We've Found a New Source for Rare-Earth Elements We Need for Green Tech

It's good news because we need them desperately.

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American Public Power Association

The viability of a renewable energy future relies on the ready supply of REEs, or rare-earth elements. There are 17 REEs in the periodic table and, though the name suggests otherwise, they are actually plentiful in the earth’s crust. The challenge is that these elements are not often concentrated in ore deposits, which makes them expensive and unreliable as an extractable resource for domestic use or export. This in part explains the shortage of these materials being extracted in the United States.

Two of these rare-earth elements, neodymium (Nd) and dysprosium (Dy), are crucial for the development of solar and wind technologies and electric vehicles, not to mention hard drives, television screens, and modern electronics like the one you may be holding in your hand right now. Yet according to (RCG), “the use of REEs has faced criticism due to price volatility and political issues surrounding the supply chain.” Add to that the millions of tons of acidic pollution generated by conventional extraction methods, and the renewable energy industry doesn’t look so green anymore.

Enter Paul J. Antonick and Zhichao Hu, members of the thermodynamics team at the Rutgers University School of Engineering, who contest that instead of using harsh chemicals to extract rare-earth elements, mineral and organic acids made by naturally occurring bacteria called Gluconobacter oxydanscould do the job instead.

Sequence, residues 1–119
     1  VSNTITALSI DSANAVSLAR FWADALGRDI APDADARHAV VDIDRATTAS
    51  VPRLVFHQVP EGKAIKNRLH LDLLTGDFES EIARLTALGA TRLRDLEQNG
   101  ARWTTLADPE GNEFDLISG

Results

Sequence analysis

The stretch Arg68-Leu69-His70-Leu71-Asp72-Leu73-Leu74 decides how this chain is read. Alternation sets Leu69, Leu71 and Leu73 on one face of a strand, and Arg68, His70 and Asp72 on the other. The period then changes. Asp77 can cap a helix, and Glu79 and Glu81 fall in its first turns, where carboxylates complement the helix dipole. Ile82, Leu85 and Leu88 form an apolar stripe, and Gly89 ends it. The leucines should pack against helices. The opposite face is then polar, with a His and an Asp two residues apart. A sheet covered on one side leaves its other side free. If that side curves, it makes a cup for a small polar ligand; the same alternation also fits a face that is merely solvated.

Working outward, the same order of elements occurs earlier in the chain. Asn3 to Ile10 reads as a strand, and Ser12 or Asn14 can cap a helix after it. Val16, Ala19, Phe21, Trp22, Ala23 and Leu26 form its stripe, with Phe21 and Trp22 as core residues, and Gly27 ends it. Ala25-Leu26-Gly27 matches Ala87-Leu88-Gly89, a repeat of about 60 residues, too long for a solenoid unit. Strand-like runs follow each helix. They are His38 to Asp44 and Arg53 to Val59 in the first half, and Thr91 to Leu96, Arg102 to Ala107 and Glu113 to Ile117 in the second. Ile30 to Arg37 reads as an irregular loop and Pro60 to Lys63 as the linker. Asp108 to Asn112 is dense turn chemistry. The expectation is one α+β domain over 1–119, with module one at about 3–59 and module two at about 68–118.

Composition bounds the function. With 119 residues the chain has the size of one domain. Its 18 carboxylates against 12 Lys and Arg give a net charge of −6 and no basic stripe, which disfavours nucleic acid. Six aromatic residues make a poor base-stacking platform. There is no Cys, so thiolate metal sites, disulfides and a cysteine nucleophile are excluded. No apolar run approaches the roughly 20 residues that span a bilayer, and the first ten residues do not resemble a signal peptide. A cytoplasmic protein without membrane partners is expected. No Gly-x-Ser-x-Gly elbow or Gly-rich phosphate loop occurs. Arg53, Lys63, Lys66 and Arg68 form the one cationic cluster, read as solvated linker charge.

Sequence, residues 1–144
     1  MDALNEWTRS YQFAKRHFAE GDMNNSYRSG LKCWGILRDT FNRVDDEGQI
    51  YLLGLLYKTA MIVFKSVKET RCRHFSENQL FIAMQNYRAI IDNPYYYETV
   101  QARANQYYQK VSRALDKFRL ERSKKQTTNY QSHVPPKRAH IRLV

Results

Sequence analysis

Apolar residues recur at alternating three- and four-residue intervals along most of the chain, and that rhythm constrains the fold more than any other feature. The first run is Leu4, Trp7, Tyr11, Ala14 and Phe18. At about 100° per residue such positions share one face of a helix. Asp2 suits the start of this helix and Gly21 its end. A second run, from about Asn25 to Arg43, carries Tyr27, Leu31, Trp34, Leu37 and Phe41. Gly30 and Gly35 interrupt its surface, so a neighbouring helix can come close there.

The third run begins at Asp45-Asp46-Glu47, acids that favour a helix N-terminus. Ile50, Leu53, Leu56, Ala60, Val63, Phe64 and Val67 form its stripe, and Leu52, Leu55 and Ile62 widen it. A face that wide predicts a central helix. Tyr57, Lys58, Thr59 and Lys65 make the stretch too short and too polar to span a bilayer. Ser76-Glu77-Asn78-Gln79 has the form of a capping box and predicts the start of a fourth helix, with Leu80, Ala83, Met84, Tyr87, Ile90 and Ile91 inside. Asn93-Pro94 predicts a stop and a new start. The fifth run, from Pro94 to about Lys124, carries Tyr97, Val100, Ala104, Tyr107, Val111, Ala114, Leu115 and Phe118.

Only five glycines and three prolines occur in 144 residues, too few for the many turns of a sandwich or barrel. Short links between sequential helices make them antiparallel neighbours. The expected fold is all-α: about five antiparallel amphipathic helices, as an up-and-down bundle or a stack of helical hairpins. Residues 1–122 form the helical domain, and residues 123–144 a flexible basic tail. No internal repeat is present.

The researchers used these natural acids along with a bio-acid mixture, or biolixiviant, to extract six rare-earth elements from synthetic phosphogypsum. The that “the biolixiviant was more efficient at rare earth element extraction than gluconic acid and phosphoric acid but less efficient than sulfuric acid.”

Phosphogypsum is a waste by-product of phosphoric acid production. A about the study states that “Each year, the U.S. mines an estimated 250 million tons of phosphate rock to produce phosphoric acid for fertilizers.” That’s a huge supply of phosphogypsum, representing roughly 100,000 tons of rare-earth elements ready for extraction. Currently, about 126,000 tons of REEs are produced worldwide. Tapping this resource at home would catapult U.S. production closer to China levels, which now account for 90 percent of the market share.

Researchers will soon test their bacteria-based extraction process on industrial phosphogypsum, which is more complex than lab-controlled samples. This is good news for large wind turbine manufacturers that rely on magnet generators made from neodymium and dysprosium, among other rare-earth elements like praseodymium (Pr) and terbium (Tb). Altogether, the use of REEs could result in the more efficient and reliable operation of renewable technologies.

Given the increase in demand for rare-earth metals, the question of how to recycle products made from them is also being considered. “With so many hundreds of thousands of tons of rare earth oxide being produced and manufactured into products each year,” RCG’s Kerri Hart, “having recycling methods in place is a valuable contribution to keeping the costs of the materials low and maximizing the use of the rare earth elements.”

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